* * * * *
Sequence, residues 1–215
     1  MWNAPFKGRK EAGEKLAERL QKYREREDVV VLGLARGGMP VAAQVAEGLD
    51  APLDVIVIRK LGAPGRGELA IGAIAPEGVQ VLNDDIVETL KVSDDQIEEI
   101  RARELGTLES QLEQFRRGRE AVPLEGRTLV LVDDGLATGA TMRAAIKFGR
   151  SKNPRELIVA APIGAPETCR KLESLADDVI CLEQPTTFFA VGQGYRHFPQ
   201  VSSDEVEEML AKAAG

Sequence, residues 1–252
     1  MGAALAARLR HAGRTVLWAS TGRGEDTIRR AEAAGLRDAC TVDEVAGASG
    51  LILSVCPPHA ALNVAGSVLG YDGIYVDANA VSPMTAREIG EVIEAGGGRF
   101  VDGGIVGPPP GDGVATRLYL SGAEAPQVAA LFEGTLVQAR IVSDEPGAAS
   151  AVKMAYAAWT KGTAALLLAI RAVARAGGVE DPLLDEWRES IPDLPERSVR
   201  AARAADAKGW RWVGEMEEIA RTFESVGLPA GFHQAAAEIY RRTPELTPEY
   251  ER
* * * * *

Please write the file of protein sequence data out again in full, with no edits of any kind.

Sequence, residues 1–215
     1  MWNAPFKGRK EAGEKLAERL QKYREREDVV VLGLARGGMP VAAQVAEGLD
    51  APLDVIVIRK LGAPGRGELA IGAIAPEGVQ VLNDDIVETL KVSDDQIEEI
   101  RARELGTLES QLEQFRRGRE AVPLEGRTLV LVDDGLATGA TMRAAIKFGR
   151  SKNPRELIVA APIGAPETCR KLESLADDVI CLEQPTTFFA VGQGYRHFPQ
   201  VSSDEVEEML AKAAG

Sequence, residues 1–252
     1  MGAALAARLR HAGRTVLWAS TGRGEDTIRR AEAAGLRDAC TVDEVAGASG
    51  LILSVCPPHA ALNVAGSVLG YDGIYVDANA VSPMTAREIG EVIEAGGGRF
   101  VDGGIVGPPP GDGVATRLYL SGAEAPQVAA LFEGTLVQAR IVSDEPGAAS
   151  AVKMAYAAWT KGTAALLLAI RAVARAGGVE DPLLDEWRES IPDLPERSVR
   201  AARAADAKGW RWVGEMEEIA RTFESVGLPA GFHQAAAEIY RRTPELTPEY
   251  ER